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February 3, 2014

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Rated PG
91 minutes

view trailer

format: 35mm

Monty Python and the Holy Grail (1975)

February 3, 2014 at 7:00 pm in 26-100

FREE admission and popcorn, sponsored by the de Florez Fund for Humor!

More FREE stuff for you! We've got a limited number of coconuts, and posters and passes for a FREE off-campus advance screening on Wednesday (Feb. 5) of The Monuments Men -- first come, first served!

From its opening multi-language titles (that sure looks like Swedish) to the closing arrest of the entire Dark Ages cast by modern-day bobbies, Monty Python and the Holy Grail helped to define "irreverence" and became an instant cult classic. This time the Pythonites savage the legend of King Arthur, juxtaposing some excellently selected exterior locations with an unending stream of anachronistic one-liners, non sequiturs, and slapstick set pieces. The Knights of the Round Table set off in search of the Holy Grail on foot, as their lackeys make clippety-clop sounds with coconut shells. A plague-ridden community, ringing with the cry of "bring out your dead," offers its hale and hearty citizens to the body piles. A wedding of convenience is attacked by Arthur's minions while the pasty-faced groom continually attempts to burst into song. The good guys are nearly thwarted by the dreaded, tree-shaped "Knights Who Say Ni!" A feisty enemy warrior, bloodily shorn of his arms and legs in the thick of battle, threatens to bite off his opponent's kneecap. A French military officer shouts such taunts as "I fart in your general direction" and "I wave my private parts at your aunties." Rabbits are a particular obsession of the writers this time around, ranging from the huge Trojan Rabbit to the "killer bunny" that decapitates one of the knights. Graham Chapman, John Cleese, Terry Gilliam, Eric Idle, Terry Jones, and Michael Palin collaborated on the script and assumed most of the onscreen roles, while Gilliam and Jones served as co-directors. [www.rottentomatoes.com]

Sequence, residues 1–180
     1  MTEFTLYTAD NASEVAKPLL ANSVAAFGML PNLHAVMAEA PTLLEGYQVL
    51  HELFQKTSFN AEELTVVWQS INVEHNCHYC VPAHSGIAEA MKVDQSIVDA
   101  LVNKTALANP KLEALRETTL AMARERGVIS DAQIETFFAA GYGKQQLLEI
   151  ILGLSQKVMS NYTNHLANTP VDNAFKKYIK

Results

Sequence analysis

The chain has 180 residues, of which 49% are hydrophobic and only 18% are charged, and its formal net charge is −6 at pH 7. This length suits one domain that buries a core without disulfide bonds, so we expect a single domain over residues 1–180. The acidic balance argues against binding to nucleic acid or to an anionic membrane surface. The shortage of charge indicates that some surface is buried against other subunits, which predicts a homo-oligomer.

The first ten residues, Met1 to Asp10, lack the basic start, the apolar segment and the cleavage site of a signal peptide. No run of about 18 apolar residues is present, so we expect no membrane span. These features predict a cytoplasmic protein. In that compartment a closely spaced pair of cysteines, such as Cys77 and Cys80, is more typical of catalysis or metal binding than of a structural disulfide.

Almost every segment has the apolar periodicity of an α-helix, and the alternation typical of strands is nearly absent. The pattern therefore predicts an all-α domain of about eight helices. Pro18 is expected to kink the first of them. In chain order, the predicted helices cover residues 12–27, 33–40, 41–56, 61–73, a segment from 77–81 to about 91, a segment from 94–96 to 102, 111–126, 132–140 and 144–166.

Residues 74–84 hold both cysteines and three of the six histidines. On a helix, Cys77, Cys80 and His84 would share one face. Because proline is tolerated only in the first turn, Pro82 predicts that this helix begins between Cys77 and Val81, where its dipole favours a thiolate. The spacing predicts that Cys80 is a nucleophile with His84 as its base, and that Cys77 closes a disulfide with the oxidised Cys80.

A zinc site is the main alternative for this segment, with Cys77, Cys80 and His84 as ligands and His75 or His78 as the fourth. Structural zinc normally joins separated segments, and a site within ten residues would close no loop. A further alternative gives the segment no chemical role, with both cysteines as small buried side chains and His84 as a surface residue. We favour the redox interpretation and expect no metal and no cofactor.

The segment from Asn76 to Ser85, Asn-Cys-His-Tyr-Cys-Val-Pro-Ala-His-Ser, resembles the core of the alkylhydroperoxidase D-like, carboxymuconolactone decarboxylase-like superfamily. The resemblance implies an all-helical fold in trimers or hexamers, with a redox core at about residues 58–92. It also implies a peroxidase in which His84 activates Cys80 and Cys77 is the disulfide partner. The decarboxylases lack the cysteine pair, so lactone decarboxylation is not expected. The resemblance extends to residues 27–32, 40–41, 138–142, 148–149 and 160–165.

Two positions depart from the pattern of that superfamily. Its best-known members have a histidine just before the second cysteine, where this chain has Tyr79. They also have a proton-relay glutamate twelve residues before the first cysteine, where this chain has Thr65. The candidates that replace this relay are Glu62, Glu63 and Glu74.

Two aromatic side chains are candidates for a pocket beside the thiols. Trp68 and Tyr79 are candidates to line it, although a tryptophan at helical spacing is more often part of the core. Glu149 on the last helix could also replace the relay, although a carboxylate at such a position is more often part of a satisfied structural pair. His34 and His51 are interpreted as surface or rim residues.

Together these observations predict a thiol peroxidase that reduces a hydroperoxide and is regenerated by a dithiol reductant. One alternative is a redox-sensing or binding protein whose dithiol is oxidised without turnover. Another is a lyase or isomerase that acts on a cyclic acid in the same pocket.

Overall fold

Monty Python and the Holy Grail still stands as a gloriously silly and twisted send-up.
      -- Steven Rea, Philadelphia Inquirer. Read this review.